• explain key concepts in epistemology and metaphysics such as material and immaterial substance, idea, causality, God, skepticism, space and time, and free will and determinism as presented by Descartes, Spinoza, Leibniz, Locke, Berkeley, Hume, and Kant.
  • explain the main positions and central arguments of three major modern philosophers.
  • compare and contrast the positions of any two of the early modern philosophers studied.

PHIL 338 Contemporary Philosophy

  • Units:3
  • Hours:54 hours LEC
  • Prerequisite:None.
  • Advisory:ENGWR 300 with a grade of "C" or better
  • Transferable:CSU; UC
  • General Education:AA/AS Area I; CSU Area C2; IGETC Area 3B
  • Catalog Date:June 1, 2020

This class addresses contributions to Western Philosophy in the 20th and 21st century. Topic examples include Existentialism, Philosophy of Mind, Philosophy of Language, Feminism, Philosophy of Science, Philosophy of Film, and Environmental Ethics.

Student Learning Outcomes

Upon completion of this course, the student will be able to:

  • demonstrate familiarity with and be able to explain major contributions to 20th and 21st century philosophical thought
  • explain and critique specific, selected works by thinkers such as De Beauvoir, Wittgenstein, Searle, Kuhn, and Nussbaum
  • identify problems and challenges to current areas of inquiry and pose possible solutions or future directions
  • demonstrate the ability to analyze, evaluate, and construct cogent arguments and apply them to issues covered in the coursework

PHIL 352 Introduction to World Religions

  • Units:3
  • Hours:54 hours LEC
  • Prerequisite:None.
  • Transferable:CSU; UC
  • General Education:AA/AS Area I; AA/AS Area VI; CSU Area C2; IGETC Area 3B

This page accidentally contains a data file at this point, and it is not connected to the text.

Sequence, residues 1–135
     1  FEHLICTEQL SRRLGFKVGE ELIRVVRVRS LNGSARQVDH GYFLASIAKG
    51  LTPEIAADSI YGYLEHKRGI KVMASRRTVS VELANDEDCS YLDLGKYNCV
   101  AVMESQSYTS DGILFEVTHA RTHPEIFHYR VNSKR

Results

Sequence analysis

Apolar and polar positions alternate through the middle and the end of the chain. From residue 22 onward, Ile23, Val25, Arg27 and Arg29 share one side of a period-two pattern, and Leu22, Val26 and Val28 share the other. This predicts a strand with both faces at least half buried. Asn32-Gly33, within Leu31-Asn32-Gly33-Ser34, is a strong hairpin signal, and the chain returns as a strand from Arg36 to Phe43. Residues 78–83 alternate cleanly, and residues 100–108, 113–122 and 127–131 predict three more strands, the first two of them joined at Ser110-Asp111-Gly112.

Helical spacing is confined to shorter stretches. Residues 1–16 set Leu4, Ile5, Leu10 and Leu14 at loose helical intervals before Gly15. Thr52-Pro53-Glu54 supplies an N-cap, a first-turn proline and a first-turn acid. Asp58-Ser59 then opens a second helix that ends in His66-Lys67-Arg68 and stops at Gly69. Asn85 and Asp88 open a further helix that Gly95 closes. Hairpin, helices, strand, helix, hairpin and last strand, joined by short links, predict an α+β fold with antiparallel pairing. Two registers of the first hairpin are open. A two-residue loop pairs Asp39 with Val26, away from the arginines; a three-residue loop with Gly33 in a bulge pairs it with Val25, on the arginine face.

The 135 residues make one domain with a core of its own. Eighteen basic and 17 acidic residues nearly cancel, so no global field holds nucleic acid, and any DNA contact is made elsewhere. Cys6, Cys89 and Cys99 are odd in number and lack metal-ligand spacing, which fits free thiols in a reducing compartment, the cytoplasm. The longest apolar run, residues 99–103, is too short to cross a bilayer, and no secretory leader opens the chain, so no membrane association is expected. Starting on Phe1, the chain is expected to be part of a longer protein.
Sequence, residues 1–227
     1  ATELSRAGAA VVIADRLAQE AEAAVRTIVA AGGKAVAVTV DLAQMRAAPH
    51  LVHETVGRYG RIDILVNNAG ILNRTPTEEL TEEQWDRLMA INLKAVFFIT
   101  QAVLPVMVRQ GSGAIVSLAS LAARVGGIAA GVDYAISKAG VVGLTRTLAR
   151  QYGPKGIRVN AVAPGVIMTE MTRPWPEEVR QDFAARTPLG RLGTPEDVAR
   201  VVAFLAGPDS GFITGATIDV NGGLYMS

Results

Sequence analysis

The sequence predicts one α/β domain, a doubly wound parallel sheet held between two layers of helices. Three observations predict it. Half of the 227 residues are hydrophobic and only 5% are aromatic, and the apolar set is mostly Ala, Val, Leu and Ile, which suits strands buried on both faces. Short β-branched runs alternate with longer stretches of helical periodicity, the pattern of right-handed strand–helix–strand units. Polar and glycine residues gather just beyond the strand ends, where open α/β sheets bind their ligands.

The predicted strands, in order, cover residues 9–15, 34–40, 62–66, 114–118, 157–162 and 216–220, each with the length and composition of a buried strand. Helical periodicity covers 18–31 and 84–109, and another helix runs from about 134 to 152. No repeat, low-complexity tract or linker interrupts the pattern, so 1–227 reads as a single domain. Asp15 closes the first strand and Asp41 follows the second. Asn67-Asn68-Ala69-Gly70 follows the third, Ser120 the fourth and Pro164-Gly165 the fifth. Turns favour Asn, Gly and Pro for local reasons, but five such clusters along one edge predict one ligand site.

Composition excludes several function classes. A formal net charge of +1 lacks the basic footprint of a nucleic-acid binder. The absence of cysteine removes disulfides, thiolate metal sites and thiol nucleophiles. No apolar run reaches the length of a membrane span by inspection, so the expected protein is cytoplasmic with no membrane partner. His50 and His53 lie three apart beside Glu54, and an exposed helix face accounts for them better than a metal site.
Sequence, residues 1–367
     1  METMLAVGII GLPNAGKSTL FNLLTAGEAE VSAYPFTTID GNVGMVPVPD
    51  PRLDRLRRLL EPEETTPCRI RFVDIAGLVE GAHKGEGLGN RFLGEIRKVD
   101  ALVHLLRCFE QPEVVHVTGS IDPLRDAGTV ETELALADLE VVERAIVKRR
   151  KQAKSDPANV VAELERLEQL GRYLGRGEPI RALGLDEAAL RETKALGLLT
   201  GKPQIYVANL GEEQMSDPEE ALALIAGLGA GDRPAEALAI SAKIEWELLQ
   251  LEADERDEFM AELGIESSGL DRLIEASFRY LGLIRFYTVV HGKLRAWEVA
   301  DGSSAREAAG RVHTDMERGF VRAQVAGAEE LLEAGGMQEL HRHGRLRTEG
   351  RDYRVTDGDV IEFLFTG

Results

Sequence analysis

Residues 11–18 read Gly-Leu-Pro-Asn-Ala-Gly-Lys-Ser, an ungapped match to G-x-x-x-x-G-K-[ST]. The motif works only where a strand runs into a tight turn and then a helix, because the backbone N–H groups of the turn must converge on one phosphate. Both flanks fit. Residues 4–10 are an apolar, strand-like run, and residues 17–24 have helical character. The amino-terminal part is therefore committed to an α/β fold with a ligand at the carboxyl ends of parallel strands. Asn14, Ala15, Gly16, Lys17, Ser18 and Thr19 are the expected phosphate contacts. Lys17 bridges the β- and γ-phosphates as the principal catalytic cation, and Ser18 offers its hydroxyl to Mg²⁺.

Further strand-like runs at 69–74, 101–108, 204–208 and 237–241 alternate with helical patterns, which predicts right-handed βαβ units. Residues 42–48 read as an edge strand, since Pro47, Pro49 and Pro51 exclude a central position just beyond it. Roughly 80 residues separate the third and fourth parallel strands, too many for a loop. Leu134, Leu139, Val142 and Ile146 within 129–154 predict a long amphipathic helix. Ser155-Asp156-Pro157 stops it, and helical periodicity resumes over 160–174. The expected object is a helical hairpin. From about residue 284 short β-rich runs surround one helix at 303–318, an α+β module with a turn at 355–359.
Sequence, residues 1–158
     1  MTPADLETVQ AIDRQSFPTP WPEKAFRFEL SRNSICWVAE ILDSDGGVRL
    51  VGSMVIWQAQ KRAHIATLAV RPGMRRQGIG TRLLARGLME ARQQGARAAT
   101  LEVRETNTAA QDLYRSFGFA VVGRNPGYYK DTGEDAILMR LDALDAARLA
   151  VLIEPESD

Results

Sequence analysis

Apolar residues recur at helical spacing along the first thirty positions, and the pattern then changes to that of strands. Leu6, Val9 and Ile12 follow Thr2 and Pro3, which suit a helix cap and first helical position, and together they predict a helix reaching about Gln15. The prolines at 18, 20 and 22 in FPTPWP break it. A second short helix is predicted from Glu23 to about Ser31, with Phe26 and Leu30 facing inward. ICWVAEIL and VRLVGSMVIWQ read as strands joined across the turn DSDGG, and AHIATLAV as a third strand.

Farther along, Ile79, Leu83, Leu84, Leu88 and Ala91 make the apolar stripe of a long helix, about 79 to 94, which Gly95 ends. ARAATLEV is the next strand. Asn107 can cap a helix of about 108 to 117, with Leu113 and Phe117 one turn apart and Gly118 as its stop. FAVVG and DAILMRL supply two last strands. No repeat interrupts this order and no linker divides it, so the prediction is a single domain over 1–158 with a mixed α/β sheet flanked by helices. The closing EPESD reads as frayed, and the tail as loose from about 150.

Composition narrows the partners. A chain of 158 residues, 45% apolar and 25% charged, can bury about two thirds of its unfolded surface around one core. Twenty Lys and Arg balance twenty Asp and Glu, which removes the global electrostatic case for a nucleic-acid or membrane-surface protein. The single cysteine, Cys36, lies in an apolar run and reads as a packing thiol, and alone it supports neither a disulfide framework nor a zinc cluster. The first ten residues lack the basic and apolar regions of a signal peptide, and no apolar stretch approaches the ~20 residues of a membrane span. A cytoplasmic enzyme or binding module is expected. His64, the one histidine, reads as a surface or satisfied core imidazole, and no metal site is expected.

• Catalog Date:June 1, 2020

This course is an introductory survey of selected world religions. Emphasis is on the origins, beliefs, and interpretations of philosophical concepts underlying Hinduism, Buddhism, Confucianism, Taoism, Judaism, Christianity, and Islam.

Student Learning Outcomes

Upon completion of this course, the student will be able to:

  • explain and distinguish basic terms, beliefs, and concepts of various religions from several different cultures.
  • correlate concise definitions of basic terms, beliefs, and concepts with apt quotations from classic texts of the religions studied.
  • describe the cultural and historical developments of the religions studied.
  • recognize the contributions of several religious traditions to cultural diversity in the United States.

PHIL 368 Law, Justice, and Punishment

  • Units:3
  • Hours:54 hours LEC
  • Prerequisite:None.
  • Advisory:ENGWR 101 with a "C" or better
  • Transferable:CSU; UC
  • General Education:AA/AS Area V(b); AA/AS Area I; CSU Area C2; CSU Area D8; IGETC Area 3B
  • Catalog Date:June 1, 2020

This course introduces the student to the historical, cultural, legal, and philosophical development in American culture of (1) abstract principles such as rights, justice, the nature of law, freedom of speech, equal protection of the law, and following precedent; and (2) theoretical issues such as statutory and constitutional interpretation, utilitarian and retributive theories of punishment, and justice as fairness; and (3) practices such as the exclusionary rule, plea bargaining, and the insanity defense.

Student Learning Outcomes

Upon completion of this course, the student will be able to:

  • identify, expose, evaluate, and discuss arguments and positions presented in legal texts.
  • demonstrate familiarity with the content of texts and the capacity to use appropriate legal and philosophical terminology in regard to those cases.
  • demonstrate an understanding of the legal theories at work and some of the history contributing to these positions and laws.
  • compose cogent essays regarding what we have studied.
  • raise interesting philosophical questions in regard to the readings and discussions.

PHIL 480 History of Classical Philosophy - Honors

  • Units:3
  • Hours:54 hours LEC
  • Prerequisite:None.